Now a night later, we have to wonder if the Red Sox can even bring it back home.
The Cardinals stole the momentum in this World Series by winning ugly, 4-2 in Game 2, and now they get to face Jake Peavy, a former Cy Young winner who's only notable this postseason for giving great press, followed by Clay Buchholz, who may or may not be fatigued but definitely was pushed back a game.
If the Cardinals haven't impressed too many folks with their uneven split, it still put them in an enviable position. They survived Fenway, an unfamiliar, unconventional relic of a stadium, to go back to the comforts of the consistently content Midwestern sea of red at the symmetrically average Busch Stadium, the polar opposite of this ancient abode.
The Cardinals didn't show for Game 1, now it doesn't seem to matter.
Now they look like they may be holding a winning hand – though of course the Bostonians put as good a face on things as possible.
“I think we're OK,” Red Sox outfielder Jonny Gomes said. “Obviously, we would have liked to get a win. But we don't have a zero in the win column. Unless [they sweep], we've got an opportunity to come back here and make history.”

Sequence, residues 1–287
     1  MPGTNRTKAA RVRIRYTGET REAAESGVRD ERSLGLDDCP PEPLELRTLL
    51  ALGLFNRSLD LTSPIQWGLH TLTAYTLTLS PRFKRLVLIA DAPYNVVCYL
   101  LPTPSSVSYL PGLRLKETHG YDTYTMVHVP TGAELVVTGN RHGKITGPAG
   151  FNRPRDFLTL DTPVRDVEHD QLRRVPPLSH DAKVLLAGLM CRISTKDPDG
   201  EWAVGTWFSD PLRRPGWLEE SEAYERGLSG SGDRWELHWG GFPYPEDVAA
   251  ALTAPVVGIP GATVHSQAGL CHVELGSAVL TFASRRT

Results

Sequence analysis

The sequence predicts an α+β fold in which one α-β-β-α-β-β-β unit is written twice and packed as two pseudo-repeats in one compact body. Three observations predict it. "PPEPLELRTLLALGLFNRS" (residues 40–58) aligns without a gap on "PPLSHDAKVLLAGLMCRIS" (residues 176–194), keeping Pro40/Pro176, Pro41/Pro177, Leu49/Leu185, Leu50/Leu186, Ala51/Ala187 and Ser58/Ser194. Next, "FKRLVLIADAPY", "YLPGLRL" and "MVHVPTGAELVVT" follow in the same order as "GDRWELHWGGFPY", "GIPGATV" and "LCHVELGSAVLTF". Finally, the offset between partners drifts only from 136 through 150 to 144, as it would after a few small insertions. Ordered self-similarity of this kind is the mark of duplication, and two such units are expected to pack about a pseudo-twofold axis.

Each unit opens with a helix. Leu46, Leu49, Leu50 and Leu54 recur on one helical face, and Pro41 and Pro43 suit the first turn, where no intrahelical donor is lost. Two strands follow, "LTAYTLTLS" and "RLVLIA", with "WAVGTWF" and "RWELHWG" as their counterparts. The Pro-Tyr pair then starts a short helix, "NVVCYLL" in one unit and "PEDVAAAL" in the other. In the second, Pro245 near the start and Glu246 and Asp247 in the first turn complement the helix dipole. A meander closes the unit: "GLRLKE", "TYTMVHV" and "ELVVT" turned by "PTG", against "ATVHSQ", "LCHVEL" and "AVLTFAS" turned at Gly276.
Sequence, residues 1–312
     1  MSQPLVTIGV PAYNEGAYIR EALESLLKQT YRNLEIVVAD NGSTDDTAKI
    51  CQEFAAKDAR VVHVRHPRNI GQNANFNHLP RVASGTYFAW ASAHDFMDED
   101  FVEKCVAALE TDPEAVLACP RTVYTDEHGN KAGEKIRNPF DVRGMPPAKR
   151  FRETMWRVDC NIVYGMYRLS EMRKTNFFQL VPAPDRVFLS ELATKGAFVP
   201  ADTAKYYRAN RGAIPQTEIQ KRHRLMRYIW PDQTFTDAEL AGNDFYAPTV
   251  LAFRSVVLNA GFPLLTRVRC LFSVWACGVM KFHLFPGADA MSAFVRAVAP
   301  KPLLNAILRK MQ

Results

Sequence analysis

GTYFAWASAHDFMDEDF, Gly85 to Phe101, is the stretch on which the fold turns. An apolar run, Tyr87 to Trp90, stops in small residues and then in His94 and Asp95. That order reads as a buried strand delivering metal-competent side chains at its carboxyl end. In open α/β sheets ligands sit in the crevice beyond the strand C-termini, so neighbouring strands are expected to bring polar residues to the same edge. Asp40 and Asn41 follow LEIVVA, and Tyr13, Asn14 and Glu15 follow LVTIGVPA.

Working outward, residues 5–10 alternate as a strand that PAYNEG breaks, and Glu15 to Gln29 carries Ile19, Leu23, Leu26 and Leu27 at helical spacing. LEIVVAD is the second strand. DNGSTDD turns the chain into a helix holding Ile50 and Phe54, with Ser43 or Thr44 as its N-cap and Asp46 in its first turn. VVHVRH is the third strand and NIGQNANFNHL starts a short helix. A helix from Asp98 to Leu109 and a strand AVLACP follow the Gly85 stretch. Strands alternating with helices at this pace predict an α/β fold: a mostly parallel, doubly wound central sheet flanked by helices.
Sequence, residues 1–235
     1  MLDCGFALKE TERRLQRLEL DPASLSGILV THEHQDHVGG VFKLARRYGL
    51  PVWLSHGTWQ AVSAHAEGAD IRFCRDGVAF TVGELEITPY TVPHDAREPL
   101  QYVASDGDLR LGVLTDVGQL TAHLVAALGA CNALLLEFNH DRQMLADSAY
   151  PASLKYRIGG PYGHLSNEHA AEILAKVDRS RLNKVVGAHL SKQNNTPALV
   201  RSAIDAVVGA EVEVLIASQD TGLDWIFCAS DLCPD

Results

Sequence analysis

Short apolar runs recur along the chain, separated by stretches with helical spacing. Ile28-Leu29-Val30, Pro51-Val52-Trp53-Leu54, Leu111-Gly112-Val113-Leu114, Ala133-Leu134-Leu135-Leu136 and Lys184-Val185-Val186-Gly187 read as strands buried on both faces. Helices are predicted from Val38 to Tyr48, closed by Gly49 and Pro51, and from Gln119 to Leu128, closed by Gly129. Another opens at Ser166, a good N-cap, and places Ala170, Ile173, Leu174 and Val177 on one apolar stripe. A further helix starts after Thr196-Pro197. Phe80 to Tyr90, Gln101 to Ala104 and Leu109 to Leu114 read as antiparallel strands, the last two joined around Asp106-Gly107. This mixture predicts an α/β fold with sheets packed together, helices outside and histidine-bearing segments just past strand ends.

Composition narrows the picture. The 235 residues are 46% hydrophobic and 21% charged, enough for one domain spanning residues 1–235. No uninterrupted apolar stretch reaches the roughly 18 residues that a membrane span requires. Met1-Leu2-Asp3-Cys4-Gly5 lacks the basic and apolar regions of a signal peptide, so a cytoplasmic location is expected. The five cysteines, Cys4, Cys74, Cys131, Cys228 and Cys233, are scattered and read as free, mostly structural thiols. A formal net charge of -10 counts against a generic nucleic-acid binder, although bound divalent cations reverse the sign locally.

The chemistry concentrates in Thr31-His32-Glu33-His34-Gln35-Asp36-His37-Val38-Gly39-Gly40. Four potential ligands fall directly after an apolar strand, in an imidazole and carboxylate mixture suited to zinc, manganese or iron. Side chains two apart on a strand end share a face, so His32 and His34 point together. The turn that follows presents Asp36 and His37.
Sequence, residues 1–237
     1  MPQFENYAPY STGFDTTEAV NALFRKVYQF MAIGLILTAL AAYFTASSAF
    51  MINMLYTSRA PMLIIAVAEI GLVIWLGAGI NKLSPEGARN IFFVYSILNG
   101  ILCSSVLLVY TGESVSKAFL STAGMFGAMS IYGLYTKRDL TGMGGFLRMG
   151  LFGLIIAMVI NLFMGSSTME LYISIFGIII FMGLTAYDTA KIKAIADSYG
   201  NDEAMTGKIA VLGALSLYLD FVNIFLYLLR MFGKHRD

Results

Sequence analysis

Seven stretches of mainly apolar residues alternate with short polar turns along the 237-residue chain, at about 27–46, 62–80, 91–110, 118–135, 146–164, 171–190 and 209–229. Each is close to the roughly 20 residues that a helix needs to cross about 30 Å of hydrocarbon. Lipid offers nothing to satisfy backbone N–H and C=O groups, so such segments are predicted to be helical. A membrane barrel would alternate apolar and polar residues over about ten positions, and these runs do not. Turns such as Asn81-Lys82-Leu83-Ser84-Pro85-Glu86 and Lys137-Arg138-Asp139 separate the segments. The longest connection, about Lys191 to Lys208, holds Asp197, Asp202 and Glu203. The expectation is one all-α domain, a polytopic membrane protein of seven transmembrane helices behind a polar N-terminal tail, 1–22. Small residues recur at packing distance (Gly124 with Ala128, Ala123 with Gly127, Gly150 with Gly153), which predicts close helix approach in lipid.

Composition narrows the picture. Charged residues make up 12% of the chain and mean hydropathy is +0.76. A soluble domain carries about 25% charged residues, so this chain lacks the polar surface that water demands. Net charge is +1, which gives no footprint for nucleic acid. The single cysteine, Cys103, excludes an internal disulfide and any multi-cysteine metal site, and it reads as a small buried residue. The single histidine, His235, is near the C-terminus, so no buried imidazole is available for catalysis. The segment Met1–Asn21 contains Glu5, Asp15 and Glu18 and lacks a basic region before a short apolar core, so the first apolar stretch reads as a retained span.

While a sweep by anyone doesn't seem likely, based on the pitching probables it isn't out of the question.
Up next for the Sox is Peavy, the affable former star who suddenly looks like a very comfortable at-bat (8.31 ERA this October). The highlights of his postseason have come in the press conferences, where he invariably shines. Outside of those settings, he suddenly looks very much looks on the wrong side of 30.
After then comes Buchholz, at least we think so.
He's been pushed back due to what's been heard described as a “dead arm” which is weird considering he's thrown barely half as many innings as everyone else.
Anyway, he chucked a few in right field Thursday. The Red Sox said he looks passable, maybe even fine, as they continue to maintain they expect him to start Sunday. If he can't go, Felix Doubront, who vacillates easily between hot and cold, will take the ball.
“With what our guys have proven over the long haul, we're looking forward to the challenge of going into what should be a great environment over in St. Louis [and] looking forward to Jake taking them on in Game 3, and continuing to pace our way from the mound,” Red Sox manager John Farrell said.
It's not certain, but maybe the reference to “pace” is another hint they are indeed going with Buchholz, who seemed to employ the four-corner stall in his previous postseason starts, as he looked even skinnier and scruffier than usual, and more to the point, off his usual considerable game. Red Sox people continue to insist he will still make that start, but of course there's no percentage in saying otherwise yet.
“There's been nothing that happened since we spoke yesterday here with Clay that would indicate otherwise,” Farrell said. “So we fully expect him to go.”
What they can expect to get from him is another matter.